What is social development in children?
On April 16th, a remarkable, and probably the first-of-its-kind meeting took place at UNICEF New York. Sixteen (no coincidence with the date) neuroscientists discussed and debated the influence of early experience on brain development and function. These scientists, who represent the super specialized fields of neuroscience, biology, epigenetics, psychiatry, nutrition, chemistry and child development, provided answers and insights into why early childhood development is so important for individual and societal development, and how this science could influence UNICEF’s approach to achieve results for children.
And what happened when biology walked through the front door? It delivered 3 key messages to UNICEF.
Message 1: The relationship between genes and environment is closer than we ever imagined. Genes predict our brain development but it is experience that sculpts it
The argument between nature and nurture is over. We are in the midst of a revolutionary shift in the way we think about brain development, emphasizing the paradigm shift regarding the role nature and nurture play in how our brains are shaped. The constant interplay between our experiences and genetics shapes our brains, and thus early experiences (as early as the womb and even before conception) are built into our brain. Because the brain is a social organ, its development is dependent on social interactions. The brain needs and relies on experience.
The complexity of the brain lies not only in the genes, but also in the interaction with the outside world, which shapes the brain accordingly. Aside from genetic predispositions, a child’s brain grows based on the experiences and opportunities that the brain is afforded to shape itself as the child grows.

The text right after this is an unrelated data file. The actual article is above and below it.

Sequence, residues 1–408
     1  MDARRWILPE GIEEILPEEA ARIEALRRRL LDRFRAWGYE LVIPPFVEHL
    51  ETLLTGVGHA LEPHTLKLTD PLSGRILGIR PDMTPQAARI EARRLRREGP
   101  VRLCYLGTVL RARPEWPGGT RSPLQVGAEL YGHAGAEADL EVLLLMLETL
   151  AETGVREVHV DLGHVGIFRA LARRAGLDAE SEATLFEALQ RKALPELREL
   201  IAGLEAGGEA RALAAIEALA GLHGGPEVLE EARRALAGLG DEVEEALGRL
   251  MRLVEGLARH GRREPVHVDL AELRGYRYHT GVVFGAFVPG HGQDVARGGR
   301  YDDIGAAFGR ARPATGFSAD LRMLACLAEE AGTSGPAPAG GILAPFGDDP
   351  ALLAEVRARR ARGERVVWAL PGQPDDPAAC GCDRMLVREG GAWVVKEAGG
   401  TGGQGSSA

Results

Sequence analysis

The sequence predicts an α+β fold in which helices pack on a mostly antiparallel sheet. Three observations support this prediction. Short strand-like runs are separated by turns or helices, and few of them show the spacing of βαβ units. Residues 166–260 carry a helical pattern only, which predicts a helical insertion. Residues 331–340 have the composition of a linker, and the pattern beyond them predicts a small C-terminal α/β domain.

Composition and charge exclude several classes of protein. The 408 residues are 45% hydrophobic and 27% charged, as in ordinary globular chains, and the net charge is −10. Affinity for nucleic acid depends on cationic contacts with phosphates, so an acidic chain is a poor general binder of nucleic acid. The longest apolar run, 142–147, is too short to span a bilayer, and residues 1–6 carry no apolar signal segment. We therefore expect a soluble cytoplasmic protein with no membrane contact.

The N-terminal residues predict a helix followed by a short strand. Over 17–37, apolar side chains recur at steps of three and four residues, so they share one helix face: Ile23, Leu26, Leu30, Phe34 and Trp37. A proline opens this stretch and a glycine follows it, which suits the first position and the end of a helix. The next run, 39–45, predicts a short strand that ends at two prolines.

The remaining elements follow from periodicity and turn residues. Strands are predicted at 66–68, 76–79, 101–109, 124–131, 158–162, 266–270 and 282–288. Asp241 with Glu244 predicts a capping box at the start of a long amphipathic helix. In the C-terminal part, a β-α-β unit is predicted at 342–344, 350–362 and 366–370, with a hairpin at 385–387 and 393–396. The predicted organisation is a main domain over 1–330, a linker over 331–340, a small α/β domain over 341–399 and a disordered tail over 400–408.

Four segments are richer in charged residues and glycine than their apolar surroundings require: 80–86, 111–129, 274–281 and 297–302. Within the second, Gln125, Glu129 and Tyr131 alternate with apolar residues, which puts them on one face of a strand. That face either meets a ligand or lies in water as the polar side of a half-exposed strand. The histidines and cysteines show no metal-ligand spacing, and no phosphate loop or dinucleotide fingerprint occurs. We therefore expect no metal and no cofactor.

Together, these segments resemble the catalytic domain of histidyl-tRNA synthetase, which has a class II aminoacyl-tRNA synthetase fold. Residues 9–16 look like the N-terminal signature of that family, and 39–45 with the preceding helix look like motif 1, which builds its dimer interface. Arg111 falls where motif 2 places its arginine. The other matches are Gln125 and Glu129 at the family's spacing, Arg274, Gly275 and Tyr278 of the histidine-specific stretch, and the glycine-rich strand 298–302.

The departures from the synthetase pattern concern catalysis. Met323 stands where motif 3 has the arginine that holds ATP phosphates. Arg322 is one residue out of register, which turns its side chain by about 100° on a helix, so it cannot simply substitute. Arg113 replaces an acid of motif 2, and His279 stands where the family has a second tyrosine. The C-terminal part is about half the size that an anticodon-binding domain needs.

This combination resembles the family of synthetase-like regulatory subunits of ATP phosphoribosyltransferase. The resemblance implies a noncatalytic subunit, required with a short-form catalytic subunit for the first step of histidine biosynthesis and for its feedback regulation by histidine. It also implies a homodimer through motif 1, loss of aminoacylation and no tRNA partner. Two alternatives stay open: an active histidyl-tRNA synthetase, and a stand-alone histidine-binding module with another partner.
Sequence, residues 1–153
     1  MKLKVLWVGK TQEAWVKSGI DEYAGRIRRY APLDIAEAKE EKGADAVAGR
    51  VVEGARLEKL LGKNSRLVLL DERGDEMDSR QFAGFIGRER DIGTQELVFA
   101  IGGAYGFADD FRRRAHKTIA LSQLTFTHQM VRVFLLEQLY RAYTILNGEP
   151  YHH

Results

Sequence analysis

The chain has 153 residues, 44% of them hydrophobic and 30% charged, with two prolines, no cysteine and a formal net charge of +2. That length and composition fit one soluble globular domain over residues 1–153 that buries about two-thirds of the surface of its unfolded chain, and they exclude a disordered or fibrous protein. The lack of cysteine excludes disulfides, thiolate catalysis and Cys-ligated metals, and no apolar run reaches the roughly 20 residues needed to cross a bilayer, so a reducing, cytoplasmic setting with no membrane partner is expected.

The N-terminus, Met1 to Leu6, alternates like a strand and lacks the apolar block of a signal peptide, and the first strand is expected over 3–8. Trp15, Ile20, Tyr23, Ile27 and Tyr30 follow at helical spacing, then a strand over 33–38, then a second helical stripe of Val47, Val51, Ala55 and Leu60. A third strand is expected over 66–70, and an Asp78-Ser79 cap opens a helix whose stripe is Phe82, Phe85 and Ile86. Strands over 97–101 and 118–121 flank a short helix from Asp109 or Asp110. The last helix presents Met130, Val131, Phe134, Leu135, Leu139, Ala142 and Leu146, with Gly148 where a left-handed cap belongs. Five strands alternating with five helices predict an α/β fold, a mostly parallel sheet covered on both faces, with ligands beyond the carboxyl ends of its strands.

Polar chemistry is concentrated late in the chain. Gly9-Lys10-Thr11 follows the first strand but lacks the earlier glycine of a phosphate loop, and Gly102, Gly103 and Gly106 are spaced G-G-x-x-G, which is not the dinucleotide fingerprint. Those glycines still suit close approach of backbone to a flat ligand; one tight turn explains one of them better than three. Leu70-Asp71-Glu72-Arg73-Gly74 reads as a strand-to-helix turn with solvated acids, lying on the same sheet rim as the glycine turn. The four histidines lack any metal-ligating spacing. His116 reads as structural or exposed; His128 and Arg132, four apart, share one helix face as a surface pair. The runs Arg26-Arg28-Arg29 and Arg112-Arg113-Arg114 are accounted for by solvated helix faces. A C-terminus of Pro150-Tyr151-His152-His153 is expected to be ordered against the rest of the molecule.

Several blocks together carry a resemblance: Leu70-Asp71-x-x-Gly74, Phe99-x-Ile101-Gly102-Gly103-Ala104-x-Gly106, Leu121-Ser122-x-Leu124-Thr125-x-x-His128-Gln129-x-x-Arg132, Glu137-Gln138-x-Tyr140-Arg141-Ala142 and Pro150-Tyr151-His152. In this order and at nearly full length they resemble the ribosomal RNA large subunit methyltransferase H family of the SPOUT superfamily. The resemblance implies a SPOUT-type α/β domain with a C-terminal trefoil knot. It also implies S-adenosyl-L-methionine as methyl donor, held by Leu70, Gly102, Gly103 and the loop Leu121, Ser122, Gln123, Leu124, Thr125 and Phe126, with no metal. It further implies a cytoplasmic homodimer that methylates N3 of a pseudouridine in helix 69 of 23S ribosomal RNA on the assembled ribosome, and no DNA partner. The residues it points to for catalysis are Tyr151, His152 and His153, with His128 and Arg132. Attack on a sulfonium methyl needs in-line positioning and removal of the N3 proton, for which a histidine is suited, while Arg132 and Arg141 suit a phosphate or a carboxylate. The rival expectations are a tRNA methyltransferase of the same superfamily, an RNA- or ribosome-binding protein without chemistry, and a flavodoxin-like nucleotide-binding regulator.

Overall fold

Message 2: The brain is complex because it is not a homogenous organ but a highly inter-related and integrated organ
The human brain, a mere 3 pounds (1.36 kgs), is a highly complex system that has evolved over millions of years, and differentiates humans as a unique species. Different regions of the brain have distinct roles and the functions develop in a hierarchical manner.
The oldest brain structures are the brainstem and cerebellum – that control our body’s vital functions of heart rate and breathing. The limbic brain, consisting of the hippocampus, amygdala and hypothalamus, is responsible for emotions, values and other unique functions that control so much of our human behavior. The cerebral cortex, the vast majority of which is the neocortex, and the newest area of the brain (in terms of our evolution), but also includes the pre-frontal cortex, is responsible for language, cognition, executive function, consciousness – in other words higher other thinking and imagination that influence individual learning and the development of culture and society more broadly.
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Their aim is to lay the foundation for proper psychological, physical and social development of the child. The focus is to reduce the incidence of mortality, morbidity, malnutrition and school drop-out.